Bridge faucets are usually compatible with a more traditional decorating scheme. Check the number of holes required as that can vary with bridge styles.
A single handle is usually incorporated into the spout, but some models mount a separate handle to the side. This style, which mixes both hot and cold water with a single lever, can be easier to use if your hands are full of rutabagas or cupcake pans. Some people prefer the more traditional look of double handles as well as the separate hot/cold controls.
Consider who will be using the faucet. For seniors or people with disabilities, choose a faucet with a substantial, easy to grasp pull-out wand.
Choose Special Features
It's Catch-22, you need to turn on the faucet to wash off the chicken juice or fingerpaint, but you don't want to touch your faucet with those dirty hands. The best solution is to get a one-touch faucet that features touch technology, which allows you to turn on the water by touching the spout or handles with any part of your hand or arm.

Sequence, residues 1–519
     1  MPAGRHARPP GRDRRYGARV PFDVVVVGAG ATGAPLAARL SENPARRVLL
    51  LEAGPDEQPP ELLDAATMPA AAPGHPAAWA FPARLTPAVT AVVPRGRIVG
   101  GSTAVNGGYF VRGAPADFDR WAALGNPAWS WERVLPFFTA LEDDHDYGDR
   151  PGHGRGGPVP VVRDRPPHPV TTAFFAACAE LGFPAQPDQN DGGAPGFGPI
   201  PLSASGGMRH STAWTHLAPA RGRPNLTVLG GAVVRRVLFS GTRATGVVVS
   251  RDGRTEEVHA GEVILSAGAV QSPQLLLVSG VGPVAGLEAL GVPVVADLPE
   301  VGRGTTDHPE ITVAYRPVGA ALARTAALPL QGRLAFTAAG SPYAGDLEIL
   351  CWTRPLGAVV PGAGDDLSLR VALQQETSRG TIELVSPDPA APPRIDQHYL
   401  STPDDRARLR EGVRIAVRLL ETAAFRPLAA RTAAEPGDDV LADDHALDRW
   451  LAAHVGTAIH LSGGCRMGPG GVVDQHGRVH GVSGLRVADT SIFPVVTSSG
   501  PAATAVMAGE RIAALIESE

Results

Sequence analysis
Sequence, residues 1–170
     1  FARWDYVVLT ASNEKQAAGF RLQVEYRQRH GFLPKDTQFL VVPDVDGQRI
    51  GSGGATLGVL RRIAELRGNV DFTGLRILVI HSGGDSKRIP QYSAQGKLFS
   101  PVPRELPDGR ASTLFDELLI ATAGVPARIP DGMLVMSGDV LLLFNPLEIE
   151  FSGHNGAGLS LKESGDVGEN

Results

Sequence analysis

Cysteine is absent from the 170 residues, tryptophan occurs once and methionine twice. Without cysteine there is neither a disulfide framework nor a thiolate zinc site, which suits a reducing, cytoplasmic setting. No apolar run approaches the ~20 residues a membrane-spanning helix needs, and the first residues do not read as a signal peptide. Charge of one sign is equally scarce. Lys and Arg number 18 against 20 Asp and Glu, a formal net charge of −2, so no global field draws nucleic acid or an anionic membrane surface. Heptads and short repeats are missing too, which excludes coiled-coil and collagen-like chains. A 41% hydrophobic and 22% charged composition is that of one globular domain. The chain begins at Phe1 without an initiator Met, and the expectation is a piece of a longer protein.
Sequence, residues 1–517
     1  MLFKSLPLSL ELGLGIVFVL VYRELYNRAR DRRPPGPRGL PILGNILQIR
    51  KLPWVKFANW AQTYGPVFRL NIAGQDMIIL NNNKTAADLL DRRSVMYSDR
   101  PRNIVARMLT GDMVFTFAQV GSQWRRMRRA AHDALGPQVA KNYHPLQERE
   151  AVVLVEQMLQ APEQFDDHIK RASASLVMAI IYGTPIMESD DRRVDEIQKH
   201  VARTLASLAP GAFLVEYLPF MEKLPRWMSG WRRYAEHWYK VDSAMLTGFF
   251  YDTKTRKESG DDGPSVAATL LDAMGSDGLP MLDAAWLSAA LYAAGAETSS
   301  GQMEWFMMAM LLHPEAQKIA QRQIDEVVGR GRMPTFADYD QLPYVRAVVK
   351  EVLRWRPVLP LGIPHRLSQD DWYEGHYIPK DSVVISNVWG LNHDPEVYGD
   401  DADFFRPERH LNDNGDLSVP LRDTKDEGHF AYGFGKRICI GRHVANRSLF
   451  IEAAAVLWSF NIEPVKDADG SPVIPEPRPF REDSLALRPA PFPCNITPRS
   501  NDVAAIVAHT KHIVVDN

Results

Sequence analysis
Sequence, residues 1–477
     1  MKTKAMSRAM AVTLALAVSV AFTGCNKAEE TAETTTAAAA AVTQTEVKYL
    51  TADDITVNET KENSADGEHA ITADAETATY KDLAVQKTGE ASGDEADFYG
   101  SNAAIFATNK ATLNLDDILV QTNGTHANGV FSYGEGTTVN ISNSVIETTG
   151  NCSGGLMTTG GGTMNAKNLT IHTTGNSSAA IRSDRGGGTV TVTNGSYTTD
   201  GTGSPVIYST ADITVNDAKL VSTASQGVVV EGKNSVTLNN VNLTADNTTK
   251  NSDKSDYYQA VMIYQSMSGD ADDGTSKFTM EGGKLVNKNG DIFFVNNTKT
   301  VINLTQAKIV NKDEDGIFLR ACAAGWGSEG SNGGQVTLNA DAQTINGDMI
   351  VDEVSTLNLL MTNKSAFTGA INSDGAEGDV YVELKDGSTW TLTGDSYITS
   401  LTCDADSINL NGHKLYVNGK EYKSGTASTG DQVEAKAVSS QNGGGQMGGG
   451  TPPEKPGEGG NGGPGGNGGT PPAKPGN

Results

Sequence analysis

Or go for the next step: a completely hands-free faucet that turns on when you pass your hands below the spout. (We have heard from cat owners that both types of faucets may occasionally turn on when you aren't around…)
When a faucet is labeled with the WaterSense® symbol you know it meets water saving specifications designated by the EPA. This means it is designed with a maximum flow rate of 1.5 gallons per minute (gpm). With a quality faucet, you should not notice any difference in flow during everyday use.